- There is every reason to believe that Treasury Bond Yields will shoot higher in the coming weeks and months. If this happens it will “take back” any benefit from this so-called “bailout” immediately, and worse, it will hike borrowing costs across the economy – not just in housing – when we are already in a credit crunch. The result of such an event could be disastrous and it is what I have been warning about for months.
Why do they need the money anyway? Was something going on behnd these scene’s that was not made public? Is this actually a massive failure. Well, the credit markets have been telling us something bad was happening over the past few weeks while equities have been surviving on animal instincts and staying elevated. Perhaps Morgan Stanley while evaluating their options, found that the GSE’s were days away from collapse.
Below is from the House website regarding HR 3221 Housing Bill. Very interesting indeed. This was only SIX WEEK AGO:
The non-partisan Congressional Budget Office says “There is a significant chance — probably better than 50 percent — that the proposed new Treasury authority would not be used before it expired at the end of December 2009.” CBO estimates that, if used, the federal budgetary cost of this proposal would be $25 billion over fiscal years 2009 and 2010.
Because CBO estimates that these provisions could increase direct spending, we need to waive PAYGO rules in order to consider it. The bill requires the Treasury Secretary to make an emergency designation before using the authority — certifying that he is acting to provide stability to financial markets, prevent disruptions in the availability of mortgage finance, protect the taxpayers, and facilitate an orderly restoration of private markets. No spending would occur unless the Secretary certifies that there is an emergency that requires immediate action. However, if those conditions are not met, there would not be any increase in the deficit as a result of this legislation.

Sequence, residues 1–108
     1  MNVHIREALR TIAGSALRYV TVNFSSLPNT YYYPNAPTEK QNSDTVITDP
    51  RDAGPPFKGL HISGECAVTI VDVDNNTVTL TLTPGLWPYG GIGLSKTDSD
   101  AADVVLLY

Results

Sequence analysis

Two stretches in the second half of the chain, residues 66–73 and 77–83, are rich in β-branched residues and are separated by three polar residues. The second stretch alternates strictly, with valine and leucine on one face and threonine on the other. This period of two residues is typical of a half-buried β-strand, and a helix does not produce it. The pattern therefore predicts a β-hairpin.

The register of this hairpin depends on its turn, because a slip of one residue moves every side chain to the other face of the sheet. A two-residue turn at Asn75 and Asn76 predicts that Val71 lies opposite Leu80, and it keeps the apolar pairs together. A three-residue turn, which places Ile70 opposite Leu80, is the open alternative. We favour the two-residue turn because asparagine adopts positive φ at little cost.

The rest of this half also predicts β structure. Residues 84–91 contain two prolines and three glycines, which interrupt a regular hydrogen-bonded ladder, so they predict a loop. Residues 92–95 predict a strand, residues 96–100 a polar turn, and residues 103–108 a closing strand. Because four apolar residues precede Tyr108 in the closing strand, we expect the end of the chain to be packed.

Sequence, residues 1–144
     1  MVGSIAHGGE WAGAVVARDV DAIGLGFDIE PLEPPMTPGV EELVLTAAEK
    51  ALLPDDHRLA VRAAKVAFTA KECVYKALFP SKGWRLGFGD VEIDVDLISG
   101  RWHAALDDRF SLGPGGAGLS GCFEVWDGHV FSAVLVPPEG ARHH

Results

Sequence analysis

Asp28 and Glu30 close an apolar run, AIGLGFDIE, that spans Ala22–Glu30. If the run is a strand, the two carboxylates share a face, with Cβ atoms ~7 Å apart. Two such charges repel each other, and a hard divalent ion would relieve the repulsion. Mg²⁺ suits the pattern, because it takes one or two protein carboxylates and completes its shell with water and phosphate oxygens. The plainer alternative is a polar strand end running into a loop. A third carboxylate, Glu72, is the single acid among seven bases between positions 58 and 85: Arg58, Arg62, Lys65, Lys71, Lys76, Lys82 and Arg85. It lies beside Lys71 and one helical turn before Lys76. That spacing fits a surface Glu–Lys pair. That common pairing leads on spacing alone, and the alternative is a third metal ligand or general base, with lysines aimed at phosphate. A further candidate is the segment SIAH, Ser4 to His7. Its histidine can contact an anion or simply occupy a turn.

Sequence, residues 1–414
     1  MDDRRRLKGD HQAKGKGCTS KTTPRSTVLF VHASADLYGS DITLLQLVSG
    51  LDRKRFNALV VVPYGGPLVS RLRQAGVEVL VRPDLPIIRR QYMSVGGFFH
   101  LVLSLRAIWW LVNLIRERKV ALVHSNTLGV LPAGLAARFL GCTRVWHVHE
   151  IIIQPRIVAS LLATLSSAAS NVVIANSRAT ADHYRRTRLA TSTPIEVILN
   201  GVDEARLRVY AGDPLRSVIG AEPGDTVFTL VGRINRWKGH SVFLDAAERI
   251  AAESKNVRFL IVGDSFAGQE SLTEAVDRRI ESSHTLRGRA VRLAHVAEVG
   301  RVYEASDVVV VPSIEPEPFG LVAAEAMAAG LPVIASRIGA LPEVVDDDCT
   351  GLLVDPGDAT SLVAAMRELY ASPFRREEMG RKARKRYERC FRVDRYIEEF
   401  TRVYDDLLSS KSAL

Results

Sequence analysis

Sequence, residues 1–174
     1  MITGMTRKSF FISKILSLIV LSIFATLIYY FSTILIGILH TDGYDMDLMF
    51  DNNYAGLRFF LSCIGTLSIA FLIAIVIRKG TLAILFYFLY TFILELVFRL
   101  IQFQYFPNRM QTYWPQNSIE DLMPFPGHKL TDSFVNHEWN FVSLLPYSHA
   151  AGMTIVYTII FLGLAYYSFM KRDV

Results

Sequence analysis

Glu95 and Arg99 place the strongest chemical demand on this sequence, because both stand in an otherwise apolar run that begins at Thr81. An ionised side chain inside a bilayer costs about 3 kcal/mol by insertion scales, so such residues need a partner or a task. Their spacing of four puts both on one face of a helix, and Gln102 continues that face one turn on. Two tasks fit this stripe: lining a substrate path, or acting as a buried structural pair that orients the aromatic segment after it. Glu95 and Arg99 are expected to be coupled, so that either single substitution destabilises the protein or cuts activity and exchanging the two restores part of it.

Finally, Bill Ackman has a real plan announced publicly a couple of months back, which many think could be along the lines the Treasury is thinking given they called their plan “creative” at the onset. A blanket bailout of everyone and the shareholders getting zero has been thrown around for months and is the least creative and the most destructive.
September 5, 2008 The Honorable Henry M. Paulson, Jr. Secretary United
States Department of the Treasury 1500 Pennsylvania Avenue, N.W.
Washington, D.C. 20220
Re: Fannie Mae/Freddie Mac Restructuring
Dear Secretary Paulson:
We understand that a Treasury plan for Fannie/Freddie (“the GSEs”) may
be announced this weekend. We thought you might find useful some further
thoughts on potential GSE solutions.
As you are likely aware, we had previously distributed a proposed
restructuring plan for the GSEs. In that plan, under a prepackaged
conservatorship, equity interests would be extinguished, subordinated
debt would be exchanged for warrants, and senior debt would be exchanged
for new senior debt and common equity in the newly recapitalized
entities. The government would write a put to the new common equity
holders which would expire in three years.
It appears, however, that the GSEs may need help more quickly, and
conservatorship may not be triggered until the GSEs are formally
determined to be undercapitalized. As such, in the event the government
needs to inject capital immediately, we suggest you consider the
following transaction (“the Transaction”).
In order to minimize risk to tax payers while being equitable to other
constituents, we suggest that the Treasury consider purchasing senior
subordinate debt in the two companies in an amount sufficient to address
their capital needs in the short to intermediate term. This senior sub
debt would be junior in right of payment to the outstanding senior
unsecured debt and senior to the outstanding sub debt, preferred stock,
and common equity. We refer to the outstanding sub debt, preferred and
common stock as “the Subordinate Securities.”
The issuance of senior sub debt is permitted under the GSE legislation
and under the existing terms of the outstanding debt and equity
securities of the two entities (please see the attached memo for further
details). As a condition of Treasury’s purchase of senior sub debt, the
GSEs would defer the interest payments on the outstanding sub debt
(which can be deferred for as much as five years), and the dividend
payments on preferred and common stock. All of the Subordinate
Securities would continue to remain outstanding according to their
The new senior sub debt should have a market-based coupon and Treasury
should receive low-strike price warrants (penny warrants) for a
substantial portion, i.e., 49% of the two companies. The coupon and